Archive for Saturday, February 21, 2004

Pack of wild pigs damages farms, attracts hunters

February 21, 2004


— Sportsmen tired of traditional game like pheasants or deer are invading Sumner County to try tracking down something a bit more elusive -- a pack of wild pigs.

The wild hogs are rooting up yards, tearing up crops and driving dogs crazy. Growing reports about the pack are also drawing the unwanted hunters into the county.

Complaints of trespassers hoping to bag a wild boar have spiked as reports of the pack spread. Local farmers said they had been inundated with phone calls from people looking to hunt the animals.

No one is really sure where the Sumner County pack of hogs originated, although farmers who have seen them said they look like domesticated pigs that have gone wild.

"I hunt and fish -- and I drive down to Texas to hunt the darn things -- and here they are in my back yard and I didn't know that," said Sumner County Sheriff Gerald Gilkey.

Since then the sheriff has spotted the pack about three times, although the most he has seen in a pack are 15 or 20 animals. They ranged in size from little piglets to a 600-pound boar he shot in December.

"I completely was not expecting that," Gilkey said. "I was out hunting deer and up walks this great big pig. I said, 'What the heck.'"

Gilkey smoked his unexpected kill -- which eventually wound up as the featured menu item at a big feed in the sheriff's office.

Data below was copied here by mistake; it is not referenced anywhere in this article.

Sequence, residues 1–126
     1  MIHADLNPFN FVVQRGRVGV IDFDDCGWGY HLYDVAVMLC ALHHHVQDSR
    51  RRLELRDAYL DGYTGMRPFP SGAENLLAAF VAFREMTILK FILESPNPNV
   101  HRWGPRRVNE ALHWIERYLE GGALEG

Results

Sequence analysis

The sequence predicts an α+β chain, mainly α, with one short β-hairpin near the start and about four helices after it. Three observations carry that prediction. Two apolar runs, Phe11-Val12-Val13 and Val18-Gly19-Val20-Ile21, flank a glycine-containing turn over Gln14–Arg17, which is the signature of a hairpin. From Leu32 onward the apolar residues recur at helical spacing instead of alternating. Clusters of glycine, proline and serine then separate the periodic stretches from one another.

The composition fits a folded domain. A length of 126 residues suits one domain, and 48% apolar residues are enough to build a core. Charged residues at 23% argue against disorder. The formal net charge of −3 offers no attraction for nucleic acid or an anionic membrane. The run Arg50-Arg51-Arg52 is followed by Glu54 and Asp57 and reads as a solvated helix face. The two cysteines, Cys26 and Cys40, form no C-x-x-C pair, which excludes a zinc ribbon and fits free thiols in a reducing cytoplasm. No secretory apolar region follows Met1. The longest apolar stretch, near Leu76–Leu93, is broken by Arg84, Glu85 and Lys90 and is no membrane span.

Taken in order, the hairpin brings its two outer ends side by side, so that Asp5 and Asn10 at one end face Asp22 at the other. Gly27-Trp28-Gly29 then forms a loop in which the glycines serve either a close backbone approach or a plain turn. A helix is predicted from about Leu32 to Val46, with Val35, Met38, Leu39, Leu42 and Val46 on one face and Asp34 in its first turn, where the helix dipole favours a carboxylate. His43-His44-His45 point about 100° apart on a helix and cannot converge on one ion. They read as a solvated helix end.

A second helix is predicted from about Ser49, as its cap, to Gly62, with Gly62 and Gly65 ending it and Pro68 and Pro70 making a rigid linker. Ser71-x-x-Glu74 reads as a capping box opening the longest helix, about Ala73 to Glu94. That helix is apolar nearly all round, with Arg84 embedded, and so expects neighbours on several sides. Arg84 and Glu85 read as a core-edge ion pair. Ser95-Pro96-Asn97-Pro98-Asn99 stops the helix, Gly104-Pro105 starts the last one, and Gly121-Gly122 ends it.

His office has gotten reports of the animals ranging from six miles south to about 12 miles north of Wellington, a 30- to 40-square-mile area around this south-central Kansas city.

The pack was last spotted near Belle Plaine, where U.S. Highway 81 and Kansas Highway 55 split.

Other wild herds have been reported near Fort Riley, Arkansas City and Medicine Lodge, Gilkey said.

Bernard Rausch, a Wellington farmer and owner of Rausch Feed in Belle Plaine, said he saw the three pigs his neighbor shot after they damaged his neighbor's farm. Some hunters have even come up with hunting dogs to find them.

"They are there -- it is a true story," Rausch said. "It is kind of comical. It just gives them an added sport."

Another Wellington farmer, Melvin Ast, has not had the wild pigs bother any of his crops, but he said some neighboring farms had suffered damage to milo fields. He said he had seen about 30 pigs in a pack.

"They are not a mean pig yet. I've seen them going across the road. You can tell they are domestic pigs, not real wild boars," Ast said.

Ast figured the pigs where turned lose when hog prices crashed a few years back. The animals have since had their own babies and gone wild trying to survive.

Gilkey said one of his buddies also shot a 70-pound pig.

"We are trying to do our part to help local farmers out to keep them off their property -- and provide a little entertainment for us," Gilkey said.

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